How schools and online businesses are promoting diversity for the younger generation

Published: Aug. 15, 2023 at 5:08 PM EDT|Updated: Aug. 15, 2023 at 6:29 PM EDT
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SOUTH BURLINGTON, Vt. (WCAX) - An online children’s brand based in Vermont is on a mission to promote representation in the Green Mountain State and educate children about diversity.

“Diversity is about representation but it is also understanding the nuances of everybody’s personalities,” said Akshata Nayak, the founder of Little Patakha.

Little Patakha started in 2020 when a mother was trying to teach her daughter about her culture, but the idea quickly changed to something even bigger.

“One of the things that inspired me to pivot the idea of the brand was just the racial justice movement,” Nayak said.

The online children’s brand promotes now diversity through jigsaw puzzles and coloring books. The goal is to help young children understand diverse ideas, people and sounds.

Some of her products are being also being used in school classrooms all over Vermont.

“Teachers love the products that we created mostly because it encourages conversation,” Nayak said.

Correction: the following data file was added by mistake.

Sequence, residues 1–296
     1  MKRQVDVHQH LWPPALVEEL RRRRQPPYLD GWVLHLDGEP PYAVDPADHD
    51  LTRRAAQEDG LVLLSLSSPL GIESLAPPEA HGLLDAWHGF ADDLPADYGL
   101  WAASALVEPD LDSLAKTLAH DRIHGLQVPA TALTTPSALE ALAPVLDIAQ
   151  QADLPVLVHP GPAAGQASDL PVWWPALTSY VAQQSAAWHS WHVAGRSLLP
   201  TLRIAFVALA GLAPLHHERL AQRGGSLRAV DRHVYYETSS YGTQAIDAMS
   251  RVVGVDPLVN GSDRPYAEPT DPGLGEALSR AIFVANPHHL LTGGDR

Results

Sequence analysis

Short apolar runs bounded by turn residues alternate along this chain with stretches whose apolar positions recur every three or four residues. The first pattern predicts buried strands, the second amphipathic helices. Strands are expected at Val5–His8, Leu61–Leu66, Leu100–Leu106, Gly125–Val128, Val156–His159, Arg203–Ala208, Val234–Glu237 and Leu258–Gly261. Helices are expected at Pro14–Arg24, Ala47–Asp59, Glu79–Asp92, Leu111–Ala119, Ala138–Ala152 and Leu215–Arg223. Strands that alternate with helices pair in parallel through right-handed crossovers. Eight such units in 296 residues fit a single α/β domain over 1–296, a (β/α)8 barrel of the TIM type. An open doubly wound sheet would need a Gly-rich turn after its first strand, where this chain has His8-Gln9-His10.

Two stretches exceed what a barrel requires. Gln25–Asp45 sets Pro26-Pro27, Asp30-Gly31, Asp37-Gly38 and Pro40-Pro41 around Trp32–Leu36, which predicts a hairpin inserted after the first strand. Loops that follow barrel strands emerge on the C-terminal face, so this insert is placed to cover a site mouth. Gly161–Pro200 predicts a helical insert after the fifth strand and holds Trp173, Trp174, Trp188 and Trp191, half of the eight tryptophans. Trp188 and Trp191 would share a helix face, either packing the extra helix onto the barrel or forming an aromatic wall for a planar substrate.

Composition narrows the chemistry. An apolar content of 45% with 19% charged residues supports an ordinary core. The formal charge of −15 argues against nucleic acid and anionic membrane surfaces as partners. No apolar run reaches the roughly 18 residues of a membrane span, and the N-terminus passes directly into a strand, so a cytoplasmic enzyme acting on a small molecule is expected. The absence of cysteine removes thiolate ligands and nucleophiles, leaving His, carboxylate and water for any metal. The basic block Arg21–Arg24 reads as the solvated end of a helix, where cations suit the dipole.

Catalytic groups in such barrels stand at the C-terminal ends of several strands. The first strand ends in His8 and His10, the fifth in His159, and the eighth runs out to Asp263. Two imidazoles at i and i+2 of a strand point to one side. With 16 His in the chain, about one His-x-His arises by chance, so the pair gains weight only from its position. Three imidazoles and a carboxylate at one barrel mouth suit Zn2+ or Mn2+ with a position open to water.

The Next Generation school in South Burlington promotes diversity through its books. I spoke with the director who says it’s a safe learning environment.

“The kids are learning about how family structures are and how family structures may be different,” said Taylor Cole, the Next Generation school director.

Cole says she works hard to make sure kids understand diversity. She says she doesn’t use any of Nayak’s products but shares her vision.

“We’re building that foundational step in early ed, especially,” Cole said. “We’re actually in our current me, myself and my world unit. So it works out perfectly.”

Nayak says it is important to start educating children at a young age about inclusiveness.

“So these kids are very open-minded, so they’re accepting of everything basically and so it’s very exciting for teachers to use these products and start their conversations with them,” Nayak said.

She says research shows inclusive messaging can change attitudes in just a few weeks.